Email claims that the Make-A-Wish Foundation will donate 7 cents to help cancer-sufferer Matt Dawson every time the message is sent onward.
If you don’t believe it, call the number. Everyone needs to take the time and read this. Just take a break from all your other stupid bulletins about who is gonna die or if your love life will suck for 7 years and be serious and do the right thing. Repost this or you have no soul seriously. A kid needs our help so do the right thing.
Hi, my name is Matt Dawson. I am 23 years old, and I have a large tumor on my brain and severe lung cancer. The doctors say I will die soon if this isn’t fixed, and my family can’t pay the bills. “The Make A Wish Foundation” has agreed to donate 7 cents for every time this message is reposted. For those of you who repost, I thank you so much. But for those who don’t repost it, I will still pray for you. Please, if you are a kind person, have a heart. Please, please, PLEASE REPOST THIS MESSAGE AS “READ PLEASE”!
[Number Removed] Home
Please feel free to call me for anything.
*hey it wont cost you but 10 seconds of your time
This absurd message is yet another rehash of the long-running Amy Bruce Charity Hoax. There have been several very similar hoaxes that all claim that the Make-A-Wish Foundation will donate money to help a sick youngster every time the message is re-posted. From time to time, someone simply substitutes a new name and age for the supposed victim before launching the tired old hoax all over again.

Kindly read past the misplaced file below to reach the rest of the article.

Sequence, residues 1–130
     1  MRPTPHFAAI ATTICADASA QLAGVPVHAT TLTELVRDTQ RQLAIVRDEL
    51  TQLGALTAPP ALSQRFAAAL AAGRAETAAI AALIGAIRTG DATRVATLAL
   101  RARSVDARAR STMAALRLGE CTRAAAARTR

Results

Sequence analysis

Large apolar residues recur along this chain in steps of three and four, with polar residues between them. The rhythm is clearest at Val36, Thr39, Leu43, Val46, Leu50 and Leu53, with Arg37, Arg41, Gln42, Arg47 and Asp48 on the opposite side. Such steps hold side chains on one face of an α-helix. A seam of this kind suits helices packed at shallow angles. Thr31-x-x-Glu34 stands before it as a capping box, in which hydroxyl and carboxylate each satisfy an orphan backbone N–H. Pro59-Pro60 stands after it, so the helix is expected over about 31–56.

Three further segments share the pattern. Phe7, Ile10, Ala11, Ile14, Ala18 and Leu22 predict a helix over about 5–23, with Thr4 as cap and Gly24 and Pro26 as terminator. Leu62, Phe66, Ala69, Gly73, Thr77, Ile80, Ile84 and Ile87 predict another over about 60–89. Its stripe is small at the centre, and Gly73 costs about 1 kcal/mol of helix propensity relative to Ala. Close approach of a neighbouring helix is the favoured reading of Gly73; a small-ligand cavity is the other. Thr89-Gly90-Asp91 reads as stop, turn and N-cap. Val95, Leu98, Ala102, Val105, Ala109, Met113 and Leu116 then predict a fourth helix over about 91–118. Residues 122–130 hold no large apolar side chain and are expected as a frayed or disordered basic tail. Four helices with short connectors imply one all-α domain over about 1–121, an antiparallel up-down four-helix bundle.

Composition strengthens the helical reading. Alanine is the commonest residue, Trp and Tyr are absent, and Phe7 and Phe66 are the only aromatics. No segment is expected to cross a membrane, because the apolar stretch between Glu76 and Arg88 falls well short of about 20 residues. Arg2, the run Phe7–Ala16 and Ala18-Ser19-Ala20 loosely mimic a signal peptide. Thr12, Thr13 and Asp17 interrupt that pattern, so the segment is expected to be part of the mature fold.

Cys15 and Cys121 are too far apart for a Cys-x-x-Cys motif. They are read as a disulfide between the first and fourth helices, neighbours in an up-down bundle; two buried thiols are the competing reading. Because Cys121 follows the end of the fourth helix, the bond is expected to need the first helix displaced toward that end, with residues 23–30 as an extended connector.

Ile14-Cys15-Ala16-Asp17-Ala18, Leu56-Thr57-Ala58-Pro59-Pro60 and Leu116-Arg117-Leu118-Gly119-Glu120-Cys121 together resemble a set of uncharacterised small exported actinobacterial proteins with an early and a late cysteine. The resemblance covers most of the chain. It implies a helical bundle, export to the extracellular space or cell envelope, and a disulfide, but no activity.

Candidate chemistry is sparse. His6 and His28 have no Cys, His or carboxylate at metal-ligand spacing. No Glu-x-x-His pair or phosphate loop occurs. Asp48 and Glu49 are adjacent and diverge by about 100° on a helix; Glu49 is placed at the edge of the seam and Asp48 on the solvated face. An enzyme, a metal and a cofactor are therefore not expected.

Names used in the hoaxes include Bryan Warner, Chad Briody, Kayla Wightman and others. Perhaps this one was originally intended as a practical joke directed against a real individual named Matt Dawson by a particularly immature “friend”. Another widespread hoax email about a missing “child” named Ashley Flores began in this way. At 23, Mr Dawson is well and truly an adult and would not be eligible for assistance from an organization that grants wishes to children with life-threatening medical conditions.
In any case, the Make-A-Wish Foundation would never participate in an outlandish charity drive that was dependent upon how many times a particular email was forwarded. Nor would any other legitimate charity. Any email that makes such a claim is almost certainly a hoax.
Moreover, even if such a fundraising effort was real, there is no reliable method of tracking an individual message on its random journey through Cyberspace. Therefore keeping an accurate record of how much money was due to be donated would be next to impossible.
The Make-A-Wish Foundation has published a web page about these hoax emails and denies any involvement:
Each day, the Make-A-Wish Foundation and its chapters receive hundreds of inquiries about chain letters claiming to be associated with the Foundation and featuring sick children. However, we do not participate in these kinds of wishes.
The Foundation also notes:
The time and expense required to respond to these inquiries distracts the Foundation from its efforts on behalf of children with life-threatening medical conditions, and more importantly, can divulge information that is potentially harmful to a child and his or her family.
If you receive one of these fake charity requests please inform the sender that the message is a hoax and do not send it to others.
Last updated: 7th September 2006
First published: 7th September 2006
By Brett M. Christensen